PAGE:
ond, collapse the antenna to minimum
length and rested position. Finally,
connect the center conductor of the
cable to the rod antenna through a 100
pF or similar low-value capacitor.
If the signal strength of the cable
is too strong, the TV’s AGC (automatic
gain control) won’t be able to cope and
some channels will distort. If this
happens, place a cable attenuator ( 20
dB) in line with the cable before the
capacitor take off.
QI’m trying to make a UV watermark detector (using UV LEDs)
to help find watermarks
on stamps. I’ve tried to use
the basic LED flashlight approach to
— Phil Perez
AWatermarks are placed on
business letterhead, bank
notes, currency, and postage
stamps. Originally, watermarks meant the areas of a document
where the paper was pressed thinner
than the whole — usually in the form of
an image or initials. In recent years, watermarks have given way to fluorescent
paper/inks and phosphor tagging.
Fluorescence — Stamp paper or inks
containing fluorescent dyes that glow
when exposed to long-wave ultraviolet
light with a peak wavelength of 365 nm.
There is no afterglow. Fluorescent
papers usually glow a bluish-white;
stamp inks containing fluorescent dyes
can glow in a variety of colors.
Phosphor Tagging — A clear phosphor colloidal solution (tagging ink)
applied over a stamp, to its paper, or
mixed with the ink. Tagging glows when
exposed to short-wave ultraviolet light
that peaks at 254 nm, and has a brief
afterglow that is used by automatic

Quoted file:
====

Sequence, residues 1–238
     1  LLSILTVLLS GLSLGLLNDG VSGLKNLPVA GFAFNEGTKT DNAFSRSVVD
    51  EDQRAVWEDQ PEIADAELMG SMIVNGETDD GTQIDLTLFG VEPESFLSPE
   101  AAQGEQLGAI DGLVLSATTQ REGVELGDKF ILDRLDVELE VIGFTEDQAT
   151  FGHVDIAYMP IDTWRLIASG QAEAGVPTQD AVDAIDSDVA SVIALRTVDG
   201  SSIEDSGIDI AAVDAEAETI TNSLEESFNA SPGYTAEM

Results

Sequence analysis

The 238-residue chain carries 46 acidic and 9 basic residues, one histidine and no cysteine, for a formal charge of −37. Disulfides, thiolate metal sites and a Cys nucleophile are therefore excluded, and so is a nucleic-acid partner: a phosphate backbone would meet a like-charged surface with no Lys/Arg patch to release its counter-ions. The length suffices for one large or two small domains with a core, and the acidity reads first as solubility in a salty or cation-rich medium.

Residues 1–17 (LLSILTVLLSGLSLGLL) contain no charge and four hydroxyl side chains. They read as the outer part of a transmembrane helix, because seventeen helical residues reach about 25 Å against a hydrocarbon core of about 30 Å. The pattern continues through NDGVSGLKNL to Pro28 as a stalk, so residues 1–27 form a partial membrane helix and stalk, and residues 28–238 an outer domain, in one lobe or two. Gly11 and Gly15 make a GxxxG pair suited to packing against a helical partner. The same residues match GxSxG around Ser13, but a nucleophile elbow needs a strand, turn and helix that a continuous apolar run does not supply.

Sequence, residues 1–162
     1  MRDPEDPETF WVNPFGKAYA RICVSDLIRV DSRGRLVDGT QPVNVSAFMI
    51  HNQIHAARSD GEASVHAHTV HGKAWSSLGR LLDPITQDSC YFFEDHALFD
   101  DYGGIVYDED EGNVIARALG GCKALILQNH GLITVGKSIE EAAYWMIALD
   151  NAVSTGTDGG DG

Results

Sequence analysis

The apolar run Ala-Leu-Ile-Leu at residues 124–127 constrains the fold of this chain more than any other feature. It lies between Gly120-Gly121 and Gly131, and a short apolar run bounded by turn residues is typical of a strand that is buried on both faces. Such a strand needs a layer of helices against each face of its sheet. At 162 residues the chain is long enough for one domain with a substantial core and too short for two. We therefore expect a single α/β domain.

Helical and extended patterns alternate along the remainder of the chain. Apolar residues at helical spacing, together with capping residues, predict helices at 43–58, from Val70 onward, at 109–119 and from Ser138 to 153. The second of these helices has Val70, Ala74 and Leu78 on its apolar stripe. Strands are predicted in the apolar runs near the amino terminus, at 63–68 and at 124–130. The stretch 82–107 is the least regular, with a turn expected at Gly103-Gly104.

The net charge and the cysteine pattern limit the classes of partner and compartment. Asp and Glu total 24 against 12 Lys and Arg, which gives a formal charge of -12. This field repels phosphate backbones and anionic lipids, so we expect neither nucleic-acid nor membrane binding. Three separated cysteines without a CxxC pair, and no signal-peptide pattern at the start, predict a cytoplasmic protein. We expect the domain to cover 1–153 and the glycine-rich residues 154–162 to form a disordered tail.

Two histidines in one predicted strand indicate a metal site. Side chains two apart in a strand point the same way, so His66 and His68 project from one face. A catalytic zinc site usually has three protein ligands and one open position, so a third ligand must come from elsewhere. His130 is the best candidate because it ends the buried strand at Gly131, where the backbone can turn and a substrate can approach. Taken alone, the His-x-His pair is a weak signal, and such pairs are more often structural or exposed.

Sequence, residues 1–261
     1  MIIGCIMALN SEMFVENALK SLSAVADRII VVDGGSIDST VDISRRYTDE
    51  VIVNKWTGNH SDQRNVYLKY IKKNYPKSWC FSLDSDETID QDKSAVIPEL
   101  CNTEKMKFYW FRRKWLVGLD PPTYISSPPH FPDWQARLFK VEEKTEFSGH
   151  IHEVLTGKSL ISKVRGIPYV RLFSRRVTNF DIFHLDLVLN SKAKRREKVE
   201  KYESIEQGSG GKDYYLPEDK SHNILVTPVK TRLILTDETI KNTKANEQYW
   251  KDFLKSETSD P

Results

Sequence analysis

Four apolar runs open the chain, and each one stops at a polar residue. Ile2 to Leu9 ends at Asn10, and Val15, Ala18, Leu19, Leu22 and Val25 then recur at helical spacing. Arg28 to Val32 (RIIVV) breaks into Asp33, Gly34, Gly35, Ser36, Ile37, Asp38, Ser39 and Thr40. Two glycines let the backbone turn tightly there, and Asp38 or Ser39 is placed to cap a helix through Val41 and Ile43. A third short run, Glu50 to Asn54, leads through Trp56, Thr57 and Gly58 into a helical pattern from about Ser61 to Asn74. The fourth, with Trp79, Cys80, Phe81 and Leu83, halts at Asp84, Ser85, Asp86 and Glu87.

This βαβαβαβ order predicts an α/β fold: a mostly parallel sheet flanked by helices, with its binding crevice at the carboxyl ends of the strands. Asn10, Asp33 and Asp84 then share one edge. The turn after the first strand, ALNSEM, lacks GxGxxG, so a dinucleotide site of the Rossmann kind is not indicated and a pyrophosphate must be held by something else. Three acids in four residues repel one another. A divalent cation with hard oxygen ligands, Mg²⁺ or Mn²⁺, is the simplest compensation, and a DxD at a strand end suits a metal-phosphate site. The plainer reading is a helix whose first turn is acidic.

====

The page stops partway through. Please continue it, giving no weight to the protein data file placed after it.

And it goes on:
canceling machines to find, face, and
cancel an envelope’s stamp. Reddish
tagging was only used for air mail
stamps from 1963 to 1978. Beginning
1978, bluish-green tagging was used
for all subsequent air mail stamps.
Now for the bad news. There are
very few ultraviolet LEDs on the market
that emit at 380 nm, fewer at 365 nm —
and none that emit below 365 nm,
certainly not at 254 nm. Which leaves
you with fluorescent tubes.
Fortunately, blacklight tubes — as they
are called — are readily available at
these wavelengths. And they don’t
require a special light fixture. A
battery-operated, fluorescent lamp
often sold for emergency lights in auto
glove compartments is perfect. You can
find the blacklight tubes at gem shops
or stamp supply stores. NV
It seems like every week I
discover another way to do an
Internet search. For instance, I
just ran across Lexxe — an
ask-a-question site at
www.lexxe.com It lets you surf
the net using plain language.
Got a question? Lexxe has the
answer — but it can be slow.